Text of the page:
At Home Depot, I found their “exotic wood” be be very exotically priced. I am used to prices being high on hardware at woodcraft – but Woodcraft’s prices certainly beat (by light years) the wood prices at Home Depot. I will have to remember: Woodcraft for wood, Home Depot for hardware.. but, of course it was late at night when we went… So Home Depot was pretty much where we were going for the lumber.

Pine being cheap and sub-quality wood, I looked to avoid that route – but in the good wood section I found what is called “select pine” – which is not quite gold-grade heartwood pine, but certainly not shabby construction-grade pine. It is nice and heavy, very dense actually, with a really fine grain and very tiny knots. I was rather surprised by how sturdy and dense it was, and at $4.19 a  6 foot piece – I decided to give it a try (and having tried it, I am actually quite happy with it).

[Edit] Having returned, and taking a closer look at Home Depot’s stock, I also found some really nice Maple there for about $1.40 a linear foot – still more expensive than the pine, about twice the price but certainly not bad. I also found cherry and red oak shelf capping for around $1 a foot, which I plan to use in future projects in place of the moulding below.

moulding
Molding

I also grabbed some decorative wood strips from Home Depot (sort of like above, but not the same design)… rounded and decorative on one side, flat on another. My plan is to use these to make the frames a touch more ornate. The price wasn’t bad.. $2.16.. Oh? Not “per piece” .. that’s a linear foot? Okay… I bought one six foot section. Also in my arsenal is some brass chain at Hobby Lobby (clearance priced)… about 120 inches of it. Home Depot had wood appliques – but their prices on those were ridiculous – I am supposing they were trying to get as much as possible out of cabinet makers. The things are incredibly cheap by comparison at Michaels… I’ll have to go there tomorrow, as they didn’t have them at Hobby Lobby and I wasn’t about to pay the Home Depot price for them.

Wood Applique
Wood Applique

So… first step: Cutting the wood

So… first step… measuring the wood.

These artworks are 5×7 inches. So, I want the inside of my frame to be about 1/8 of in inch smaller than that. Typically I’ll sit there and figure up the best mathematical formulae to get the perfect result – but diving right in, I simply measured 1/8 of an inch in, and used my 45-degree plastic triangle to mark where the first 45 degree cut would intersect that drawn line. I measured 6 + 3/4 (7 inches minus two times 1/8 of an inch) of an inch along that line, marked that point, and used the triangle to draw a line where the next cut would go.

From there I carefully and precisely made the first cut on the table saw, using my 45-degree angle-guide. Then I carefully and precisely made my second cut. From there it was just a matter of sliding forward my 45-degree guide, placing one edge against the (stopped) table saw blade, and lining up the straight guide to the end of that piece. After this I could just cut, flip the wood over, cut, and flip the wood over, making perfectly identical trapezoidal wooden pieces… my 7-inch sides.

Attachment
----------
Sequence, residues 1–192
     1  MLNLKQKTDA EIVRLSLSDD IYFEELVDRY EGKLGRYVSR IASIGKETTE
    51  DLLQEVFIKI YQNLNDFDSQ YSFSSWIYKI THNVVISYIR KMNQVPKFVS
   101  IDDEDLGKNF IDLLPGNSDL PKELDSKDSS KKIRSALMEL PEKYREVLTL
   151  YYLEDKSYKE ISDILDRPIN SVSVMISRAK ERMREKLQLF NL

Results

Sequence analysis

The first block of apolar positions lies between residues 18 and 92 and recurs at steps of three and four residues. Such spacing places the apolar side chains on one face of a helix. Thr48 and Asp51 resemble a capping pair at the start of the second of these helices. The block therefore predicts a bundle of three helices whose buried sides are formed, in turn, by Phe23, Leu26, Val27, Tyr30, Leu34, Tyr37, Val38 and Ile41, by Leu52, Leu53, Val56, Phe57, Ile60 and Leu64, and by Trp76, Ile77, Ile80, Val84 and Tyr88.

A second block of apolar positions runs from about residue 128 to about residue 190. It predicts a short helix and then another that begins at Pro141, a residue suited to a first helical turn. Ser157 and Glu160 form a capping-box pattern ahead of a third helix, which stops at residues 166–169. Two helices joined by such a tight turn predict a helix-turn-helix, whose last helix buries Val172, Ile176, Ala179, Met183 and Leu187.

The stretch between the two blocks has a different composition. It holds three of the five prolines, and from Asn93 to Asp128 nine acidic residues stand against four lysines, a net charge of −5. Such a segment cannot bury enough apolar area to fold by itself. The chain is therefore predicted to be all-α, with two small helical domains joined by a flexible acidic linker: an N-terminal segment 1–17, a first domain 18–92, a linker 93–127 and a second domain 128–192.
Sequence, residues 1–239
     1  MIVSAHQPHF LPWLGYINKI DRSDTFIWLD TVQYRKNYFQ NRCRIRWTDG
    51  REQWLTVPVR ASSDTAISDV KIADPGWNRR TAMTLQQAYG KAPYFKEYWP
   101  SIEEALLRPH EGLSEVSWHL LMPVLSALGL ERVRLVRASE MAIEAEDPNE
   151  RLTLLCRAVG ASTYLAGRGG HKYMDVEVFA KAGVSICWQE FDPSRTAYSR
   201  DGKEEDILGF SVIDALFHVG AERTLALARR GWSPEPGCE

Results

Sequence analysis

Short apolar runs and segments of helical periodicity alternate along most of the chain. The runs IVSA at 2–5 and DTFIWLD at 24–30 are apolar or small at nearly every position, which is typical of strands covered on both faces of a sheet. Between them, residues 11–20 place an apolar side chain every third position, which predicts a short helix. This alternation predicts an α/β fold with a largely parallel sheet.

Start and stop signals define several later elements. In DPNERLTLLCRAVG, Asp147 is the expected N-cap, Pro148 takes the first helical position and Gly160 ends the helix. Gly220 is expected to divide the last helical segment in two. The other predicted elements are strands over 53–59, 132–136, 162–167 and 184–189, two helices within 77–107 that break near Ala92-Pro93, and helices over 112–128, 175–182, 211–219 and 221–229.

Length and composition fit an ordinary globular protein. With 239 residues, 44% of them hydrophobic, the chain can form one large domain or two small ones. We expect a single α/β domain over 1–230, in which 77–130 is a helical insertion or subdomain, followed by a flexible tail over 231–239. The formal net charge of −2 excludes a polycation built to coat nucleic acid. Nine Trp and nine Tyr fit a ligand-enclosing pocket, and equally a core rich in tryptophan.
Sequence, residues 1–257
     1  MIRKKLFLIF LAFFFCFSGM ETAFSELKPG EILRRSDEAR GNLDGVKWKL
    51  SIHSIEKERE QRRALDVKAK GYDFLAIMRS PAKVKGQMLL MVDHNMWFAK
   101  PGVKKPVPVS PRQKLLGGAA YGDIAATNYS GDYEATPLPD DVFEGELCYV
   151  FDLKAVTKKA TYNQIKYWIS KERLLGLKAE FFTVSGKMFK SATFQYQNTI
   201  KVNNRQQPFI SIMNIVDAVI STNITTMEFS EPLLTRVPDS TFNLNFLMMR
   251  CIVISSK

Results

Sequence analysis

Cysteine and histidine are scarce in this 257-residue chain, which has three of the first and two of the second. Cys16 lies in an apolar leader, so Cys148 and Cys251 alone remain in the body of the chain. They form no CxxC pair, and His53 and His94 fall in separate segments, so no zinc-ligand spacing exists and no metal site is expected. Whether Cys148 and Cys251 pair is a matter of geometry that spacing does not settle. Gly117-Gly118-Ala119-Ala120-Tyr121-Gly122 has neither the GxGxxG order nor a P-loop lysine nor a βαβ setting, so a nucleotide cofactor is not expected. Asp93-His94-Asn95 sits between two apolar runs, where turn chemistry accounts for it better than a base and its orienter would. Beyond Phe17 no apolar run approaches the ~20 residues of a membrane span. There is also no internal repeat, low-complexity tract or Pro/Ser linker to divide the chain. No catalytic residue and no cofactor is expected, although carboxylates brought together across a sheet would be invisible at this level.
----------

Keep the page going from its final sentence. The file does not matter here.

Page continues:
Table Saw: The same 45 degree jig and same position as the very first cut. The difference is the piece is flipped and moved to the guide in order to reflect the opposite angle, and the achieve the right length. This can also be done with a miter box, but the table saw really makes it go much faster.
Table Saw: The same 45 degree jig and same position as the very first cut. The difference is the piece is flipped and moved to the guide in order to reflect the opposite angle, and the achieve the right length. This can also be done with a miter box, but the table saw really makes it go much faster.
Table Saw Guide - My clamp keeps the wood from popping/leaning up, or sliding along the guide.
Table Saw Guide - My clamp keeps the wood from popping/leaning up, or sliding along the guide.

After cutting the first two, just in case my angle guide was not entirely accurate, I matched up corners on the cut pieces, and checked them with my triangle, to make sure they were squaring up. They weren’t. So I made an adjustment of half a degree – and used these pieces over and over again until the angle was perfect.

One of the cut pieces. Remember - Trapezoid, not parallelogram. No adjustments need to be made to the guide for this, just flip the wood. Also note my sleeves... not recommended for anyone without a death wish. Loose sleeves, long sleeves, are not the best attire for workshops.
One of the cut pieces. Remember - Trapezoid, not parallelogram. No adjustments need to be made to the guide for this, just flip the wood. Also note my sleeves... not recommended for anyone without a death wish. Loose sleeves, long sleeves, are not the best attire for workshops.

I made 18 of these long sides, saving the first two ‘test pieces’ for use in making the shorter sides, since they were shorter after all the test angling.

Then I made the 5-inch sides, in the same manner as above, until I 18 of those as well.

After this, I needed to make it so that the artwork could rest inside the frame, meaning that 1/8 inch recess (rabbet) planned for needed to be carved into the inside dimensions along the back of the frame-to-be. This is a good time to have a router (and a router table is all the better).